The Swiss embassy has recently acquired a photovoltaic solar system. The 160 kWp system was recently inaugurated in the presence of the Zimbabwean authorities.
The Swiss Embassy in Harare, like many government agencies and companies in Zimbabwe, has recently commissioned a solar photovoltaic system. Consisting of several solar panels, the system has a capacity of 160 kWp, a quantity of electricity that will cover all the needs of the embassy and the related residences.
Solar energy should make this Swiss diplomatic representation, which covers Zimbabwe, Zambia and Malawi, more environmentally friendly. The installation of the solar power plant “is timely in view of the effects of climate change, which are of great concern to all stakeholders worldwide, and represents another major step forward in the history of Switzerland’s investment in the Agenda 2030 for sustainable development,” says the Swiss Embassy in Harare.
In addition to supplying electricity to the embassy and its residences, the new solar system will also enable a car to be recharged. The surplus electricity will be sold to the state-owned Zimbabwe Electricity Transmission and Distribution Company (ZETDC), in accordance with its new provision allowing private individuals to sell their surplus electricity generated from the autonomous solar systems.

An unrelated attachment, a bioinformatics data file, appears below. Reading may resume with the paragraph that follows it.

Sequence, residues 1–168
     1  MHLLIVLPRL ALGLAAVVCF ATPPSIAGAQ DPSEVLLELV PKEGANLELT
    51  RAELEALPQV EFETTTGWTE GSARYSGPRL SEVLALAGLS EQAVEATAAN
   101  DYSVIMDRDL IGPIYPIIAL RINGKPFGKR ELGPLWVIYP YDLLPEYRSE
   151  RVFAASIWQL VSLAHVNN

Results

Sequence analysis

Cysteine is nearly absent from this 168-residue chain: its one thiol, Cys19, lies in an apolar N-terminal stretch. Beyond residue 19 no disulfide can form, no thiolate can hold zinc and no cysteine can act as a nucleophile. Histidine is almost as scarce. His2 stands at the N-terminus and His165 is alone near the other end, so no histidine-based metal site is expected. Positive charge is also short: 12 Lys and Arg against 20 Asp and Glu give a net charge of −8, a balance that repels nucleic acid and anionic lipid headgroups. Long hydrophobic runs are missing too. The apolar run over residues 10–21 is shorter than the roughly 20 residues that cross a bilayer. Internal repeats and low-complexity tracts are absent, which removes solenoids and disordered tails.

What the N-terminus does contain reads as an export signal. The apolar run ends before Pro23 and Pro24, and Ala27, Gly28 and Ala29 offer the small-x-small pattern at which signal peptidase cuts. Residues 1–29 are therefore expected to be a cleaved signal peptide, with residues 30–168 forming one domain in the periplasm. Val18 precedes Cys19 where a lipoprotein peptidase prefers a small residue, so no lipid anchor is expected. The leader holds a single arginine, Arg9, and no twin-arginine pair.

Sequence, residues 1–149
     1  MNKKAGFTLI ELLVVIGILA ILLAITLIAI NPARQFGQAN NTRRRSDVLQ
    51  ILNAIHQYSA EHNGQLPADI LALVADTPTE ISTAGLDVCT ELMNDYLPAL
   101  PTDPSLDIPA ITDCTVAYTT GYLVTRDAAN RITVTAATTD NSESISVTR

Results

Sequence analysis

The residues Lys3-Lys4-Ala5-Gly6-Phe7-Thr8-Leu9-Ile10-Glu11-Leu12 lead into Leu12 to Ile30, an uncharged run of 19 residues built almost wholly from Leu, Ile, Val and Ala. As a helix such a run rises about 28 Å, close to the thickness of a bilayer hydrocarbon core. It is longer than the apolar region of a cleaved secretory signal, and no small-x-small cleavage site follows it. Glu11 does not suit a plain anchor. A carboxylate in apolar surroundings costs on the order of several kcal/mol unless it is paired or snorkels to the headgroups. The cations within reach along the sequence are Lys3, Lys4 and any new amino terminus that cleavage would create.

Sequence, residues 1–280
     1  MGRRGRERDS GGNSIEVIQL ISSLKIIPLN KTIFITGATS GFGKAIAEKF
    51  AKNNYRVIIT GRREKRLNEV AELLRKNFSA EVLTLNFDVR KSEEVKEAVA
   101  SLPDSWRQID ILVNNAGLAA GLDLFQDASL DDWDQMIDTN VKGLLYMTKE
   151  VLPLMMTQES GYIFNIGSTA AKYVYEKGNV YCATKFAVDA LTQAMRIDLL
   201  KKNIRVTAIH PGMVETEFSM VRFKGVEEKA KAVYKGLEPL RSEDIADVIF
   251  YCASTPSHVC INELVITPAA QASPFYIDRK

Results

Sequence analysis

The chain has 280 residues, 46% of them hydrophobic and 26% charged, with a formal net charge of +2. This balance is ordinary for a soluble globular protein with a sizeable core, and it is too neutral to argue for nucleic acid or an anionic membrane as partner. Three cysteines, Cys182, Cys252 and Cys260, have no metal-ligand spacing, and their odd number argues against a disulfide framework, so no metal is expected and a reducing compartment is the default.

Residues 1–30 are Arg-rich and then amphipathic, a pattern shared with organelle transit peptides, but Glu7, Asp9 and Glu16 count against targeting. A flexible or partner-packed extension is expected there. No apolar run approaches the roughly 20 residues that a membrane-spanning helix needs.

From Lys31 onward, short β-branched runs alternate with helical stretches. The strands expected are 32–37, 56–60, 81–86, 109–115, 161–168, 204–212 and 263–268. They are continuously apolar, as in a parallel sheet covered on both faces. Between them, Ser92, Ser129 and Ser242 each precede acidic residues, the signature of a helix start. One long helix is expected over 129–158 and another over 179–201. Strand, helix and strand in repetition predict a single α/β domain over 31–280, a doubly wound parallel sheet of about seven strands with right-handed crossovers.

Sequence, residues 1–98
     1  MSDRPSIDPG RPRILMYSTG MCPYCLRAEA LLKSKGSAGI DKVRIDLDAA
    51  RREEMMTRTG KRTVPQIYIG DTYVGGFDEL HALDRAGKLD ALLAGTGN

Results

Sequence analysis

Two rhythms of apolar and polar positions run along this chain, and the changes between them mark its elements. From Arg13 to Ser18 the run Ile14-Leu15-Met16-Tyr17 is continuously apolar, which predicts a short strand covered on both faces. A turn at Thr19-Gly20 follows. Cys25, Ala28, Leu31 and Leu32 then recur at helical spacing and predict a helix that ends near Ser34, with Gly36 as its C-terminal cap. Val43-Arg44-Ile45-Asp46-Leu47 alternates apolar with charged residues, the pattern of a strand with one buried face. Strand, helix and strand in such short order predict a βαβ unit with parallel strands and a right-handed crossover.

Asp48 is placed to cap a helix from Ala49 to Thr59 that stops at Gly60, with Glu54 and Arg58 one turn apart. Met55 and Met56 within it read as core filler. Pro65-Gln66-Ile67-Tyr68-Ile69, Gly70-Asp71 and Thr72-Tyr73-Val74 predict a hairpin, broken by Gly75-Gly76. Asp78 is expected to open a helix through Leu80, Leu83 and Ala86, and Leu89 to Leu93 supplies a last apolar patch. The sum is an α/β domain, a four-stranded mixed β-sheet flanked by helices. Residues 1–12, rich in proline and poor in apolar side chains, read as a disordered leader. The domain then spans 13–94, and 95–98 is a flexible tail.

The Swiss diplomatic representation in Harare adopted solar energy 10 years ago with the installation of a first electricity production unit. Since then, this source of green energy has almost become a trend among Zimbabwean-based institutions and companies seeking to reduce their electricity bills or to reduce the impact of ZETDC power cuts.
It is in this context that Schweppes Africa Holding, a subsidiary of soft drinks manufacturer Schweppes, has installed a 1 MWp solar system on the roof of its factory in Willowvale in the capital Harare. The solar power plant was built by Distributed Power Africa (DPA), a supplier of off-grid solar systems and a subsidiary of the giant Econet Global.